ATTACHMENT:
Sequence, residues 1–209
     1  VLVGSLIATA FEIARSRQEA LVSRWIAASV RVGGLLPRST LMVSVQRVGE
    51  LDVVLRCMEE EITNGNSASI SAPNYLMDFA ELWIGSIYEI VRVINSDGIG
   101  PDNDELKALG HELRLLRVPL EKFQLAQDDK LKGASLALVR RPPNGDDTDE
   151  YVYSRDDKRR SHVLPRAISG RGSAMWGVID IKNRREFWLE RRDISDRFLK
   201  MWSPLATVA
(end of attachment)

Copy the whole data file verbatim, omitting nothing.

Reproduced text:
Sequence, residues 1–209
     1  VLVGSLIATA FEIARSRQEA LVSRWIAASV RVGGLLPRST LMVSVQRVGE
    51  LDVVLRCMEE EITNGNSASI SAPNYLMDFA ELWIGSIYEI VRVINSDGIG
   101  PDNDELKALG HELRLLRVPL EKFQLAQDDK LKGASLALVR RPPNGDDTDE
   151  YVYSRDDKRR SHVLPRAISG RGSAMWGVID IKNRREFWLE RRDISDRFLK
   201  MWSPLATVA